A psychological analysis of culture contact : a survey of certain aspects of Maori relationships with the Wesleyan Methodist missionaries, 1822-34
Degree GrantorUniversity of Canterbury
Degree NameMaster of Arts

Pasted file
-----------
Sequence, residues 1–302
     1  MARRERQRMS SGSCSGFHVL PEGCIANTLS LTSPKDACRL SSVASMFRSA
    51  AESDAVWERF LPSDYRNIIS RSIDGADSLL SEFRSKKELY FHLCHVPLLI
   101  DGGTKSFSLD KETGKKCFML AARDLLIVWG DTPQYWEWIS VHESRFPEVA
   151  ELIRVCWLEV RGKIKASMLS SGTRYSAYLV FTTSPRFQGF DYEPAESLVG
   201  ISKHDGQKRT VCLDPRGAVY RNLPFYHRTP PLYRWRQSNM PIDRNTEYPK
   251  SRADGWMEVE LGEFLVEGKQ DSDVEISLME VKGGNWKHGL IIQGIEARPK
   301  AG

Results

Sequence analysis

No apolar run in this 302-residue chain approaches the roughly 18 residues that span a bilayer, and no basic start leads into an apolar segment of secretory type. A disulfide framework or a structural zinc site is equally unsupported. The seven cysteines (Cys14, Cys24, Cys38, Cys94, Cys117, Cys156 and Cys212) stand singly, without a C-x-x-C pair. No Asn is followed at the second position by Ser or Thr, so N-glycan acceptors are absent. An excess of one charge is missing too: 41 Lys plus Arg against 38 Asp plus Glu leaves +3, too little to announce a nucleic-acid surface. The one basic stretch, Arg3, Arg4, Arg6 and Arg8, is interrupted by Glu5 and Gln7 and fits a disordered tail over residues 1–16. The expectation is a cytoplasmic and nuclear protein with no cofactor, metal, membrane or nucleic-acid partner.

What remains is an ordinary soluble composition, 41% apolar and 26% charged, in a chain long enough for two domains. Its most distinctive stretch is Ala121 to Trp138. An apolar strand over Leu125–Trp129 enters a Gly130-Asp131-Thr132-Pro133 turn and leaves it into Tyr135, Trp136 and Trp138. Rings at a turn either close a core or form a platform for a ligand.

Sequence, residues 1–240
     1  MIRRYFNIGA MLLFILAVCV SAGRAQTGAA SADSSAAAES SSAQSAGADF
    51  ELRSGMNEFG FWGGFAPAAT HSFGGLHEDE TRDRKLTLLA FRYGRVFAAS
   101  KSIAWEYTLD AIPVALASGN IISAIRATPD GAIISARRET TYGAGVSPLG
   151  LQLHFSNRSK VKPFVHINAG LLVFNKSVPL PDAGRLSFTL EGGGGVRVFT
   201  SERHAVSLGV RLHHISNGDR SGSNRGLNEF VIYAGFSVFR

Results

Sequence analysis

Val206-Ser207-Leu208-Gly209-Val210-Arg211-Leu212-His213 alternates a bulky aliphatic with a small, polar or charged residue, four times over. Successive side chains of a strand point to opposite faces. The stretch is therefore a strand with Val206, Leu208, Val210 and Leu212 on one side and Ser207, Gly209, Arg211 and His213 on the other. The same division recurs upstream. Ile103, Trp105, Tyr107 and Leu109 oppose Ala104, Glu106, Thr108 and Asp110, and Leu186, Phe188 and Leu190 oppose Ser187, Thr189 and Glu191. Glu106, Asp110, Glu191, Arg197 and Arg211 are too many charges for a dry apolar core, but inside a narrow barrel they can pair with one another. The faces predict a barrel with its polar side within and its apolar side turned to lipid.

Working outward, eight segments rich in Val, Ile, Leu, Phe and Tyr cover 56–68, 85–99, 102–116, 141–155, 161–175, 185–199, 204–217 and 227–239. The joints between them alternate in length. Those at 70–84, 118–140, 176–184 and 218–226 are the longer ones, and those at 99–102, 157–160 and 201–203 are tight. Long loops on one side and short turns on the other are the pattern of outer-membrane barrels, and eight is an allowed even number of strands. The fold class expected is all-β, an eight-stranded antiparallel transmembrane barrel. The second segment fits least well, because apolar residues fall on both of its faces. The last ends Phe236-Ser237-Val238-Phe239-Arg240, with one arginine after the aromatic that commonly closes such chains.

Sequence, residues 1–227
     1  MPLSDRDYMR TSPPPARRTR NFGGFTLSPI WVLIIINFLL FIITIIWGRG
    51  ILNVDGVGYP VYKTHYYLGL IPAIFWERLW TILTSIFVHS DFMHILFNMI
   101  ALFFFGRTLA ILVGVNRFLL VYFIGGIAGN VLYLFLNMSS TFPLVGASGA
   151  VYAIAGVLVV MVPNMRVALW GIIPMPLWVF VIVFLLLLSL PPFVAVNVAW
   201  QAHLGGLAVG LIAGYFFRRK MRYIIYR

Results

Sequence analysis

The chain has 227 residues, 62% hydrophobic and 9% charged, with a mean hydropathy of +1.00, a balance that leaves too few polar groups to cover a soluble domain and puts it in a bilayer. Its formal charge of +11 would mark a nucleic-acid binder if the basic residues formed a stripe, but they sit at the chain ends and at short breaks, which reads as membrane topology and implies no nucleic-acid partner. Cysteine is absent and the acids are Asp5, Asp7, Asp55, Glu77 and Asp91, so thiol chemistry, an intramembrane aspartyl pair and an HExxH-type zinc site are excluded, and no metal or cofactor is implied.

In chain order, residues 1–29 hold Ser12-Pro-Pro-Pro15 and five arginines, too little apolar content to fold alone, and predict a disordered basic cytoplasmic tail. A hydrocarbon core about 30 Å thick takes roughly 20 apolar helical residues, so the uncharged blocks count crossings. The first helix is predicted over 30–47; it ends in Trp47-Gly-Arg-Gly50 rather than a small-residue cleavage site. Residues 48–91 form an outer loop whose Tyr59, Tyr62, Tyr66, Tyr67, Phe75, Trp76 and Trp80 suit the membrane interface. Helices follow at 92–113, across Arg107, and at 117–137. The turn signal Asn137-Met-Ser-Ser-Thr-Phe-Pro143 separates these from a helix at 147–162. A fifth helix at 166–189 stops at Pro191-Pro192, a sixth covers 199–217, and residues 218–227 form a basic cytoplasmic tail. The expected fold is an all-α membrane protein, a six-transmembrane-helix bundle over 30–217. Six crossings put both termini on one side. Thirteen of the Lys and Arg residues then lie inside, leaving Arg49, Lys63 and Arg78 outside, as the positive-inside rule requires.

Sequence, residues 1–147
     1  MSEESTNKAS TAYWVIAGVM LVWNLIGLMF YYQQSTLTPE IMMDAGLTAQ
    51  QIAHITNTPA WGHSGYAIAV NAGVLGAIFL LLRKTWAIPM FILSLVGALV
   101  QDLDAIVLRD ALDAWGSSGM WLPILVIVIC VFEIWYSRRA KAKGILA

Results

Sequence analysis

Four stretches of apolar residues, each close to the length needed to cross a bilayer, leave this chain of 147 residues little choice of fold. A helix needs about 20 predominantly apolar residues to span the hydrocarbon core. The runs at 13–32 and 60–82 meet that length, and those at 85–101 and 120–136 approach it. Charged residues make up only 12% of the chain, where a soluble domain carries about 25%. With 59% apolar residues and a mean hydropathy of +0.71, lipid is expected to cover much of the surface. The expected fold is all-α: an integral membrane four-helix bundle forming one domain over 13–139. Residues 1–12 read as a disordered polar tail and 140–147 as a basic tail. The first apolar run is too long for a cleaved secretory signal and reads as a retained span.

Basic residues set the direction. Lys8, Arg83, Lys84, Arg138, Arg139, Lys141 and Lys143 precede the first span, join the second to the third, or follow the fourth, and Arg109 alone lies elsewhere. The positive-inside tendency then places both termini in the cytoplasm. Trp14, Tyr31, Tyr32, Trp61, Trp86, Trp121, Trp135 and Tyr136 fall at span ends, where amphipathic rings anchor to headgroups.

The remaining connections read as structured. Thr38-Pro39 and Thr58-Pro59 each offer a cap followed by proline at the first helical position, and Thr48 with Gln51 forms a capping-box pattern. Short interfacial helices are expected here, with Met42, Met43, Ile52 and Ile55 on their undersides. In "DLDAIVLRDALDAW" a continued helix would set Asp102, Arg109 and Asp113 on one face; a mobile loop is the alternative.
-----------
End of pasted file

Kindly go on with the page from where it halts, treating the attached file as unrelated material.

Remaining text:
Much has been written about the effects of Missionary contacts in many parts of the world. Likewise, the present stage of development of inter-cultural contacts in particular communities has been examined by interested social psychologists and cultural anthropologists. But seldom has it been possible for social psychologists or cultural anthropologists to watch a Christian Missionary commence his work among a primitive people and thereby observe the initial stages of such an inter-cultural relationship. Of his opportunities in this respect the Christian Missionary has not been fully aware. He was not a scientist, nor was he devoted to science per se. His calling was to preach the Gospel and the "grand object” of his vocation was to "convert the heathen". Such an object necessarily involved changing a people's beliefs and customs. Of that he was aware. But to him the process of change was unimportant so long as the end was achieved. What then social psychologists and cultural anthropologists could not do, and what the Missionaries themselves cared not to waste time in doing, this study attempts to do in a limited way. The object of this study is to make a survey of certain aspects of Maori relationships with the Wesleyan Methodist Missionaries between the years 1822-1834, and therefrom to attempt an analysis of some of the psychological factors operating in this inter-cultural situation. The scope of this thesis has been limited in various ways. Geographically, the scene of the incidents surveyed is in the Northland of New Zealand, principally about the Whangaroa and Hokianga harbours. The year 1822 marks the arrival of the first body of Wesleyan Methodist Missionaries in New Zealand: the year 1834 practically closes the first phase of that Mission when the initial clash of cultures was over and increasing numbers of converts were offering themselves as candidates for Christian baptism. Of this initial period of culture contacts only certain aspects have been surveyed. Those selected are what the Missionaries would call their "secular" activities, viz. trading, teaching, healing the sick and making peace. And, because the Missionary was a European trading, teaching, healing and making peace, a survey of the Maori reaction to the Wesleyan Missionary as a European has also been attempted. The standpoint adopted is that of the Missionary in his secular activities. The reactions traced out are mainly those of the Maori people. The value of the study has already been hinted at. Today the opportunities for studying the initial contacts between two cultures are rare; Missionaries have seldom seen themselves as those among whom they worked saw them; the lack of training in anthropology still exists in many Colleges preparing Missionaries for the field; a knowledge of how men and their belief may be expected to react to new ideas is not without value. It is therefore hoped that the reconstructed Maori reactions to the various secular roles played by the Wesleyan Missionaries will not be without novelty and usefulness, and that the classification of psychological factors operating in what must have been a period of intense stress, while not new, will at least confirm what has been observed in other stress situations.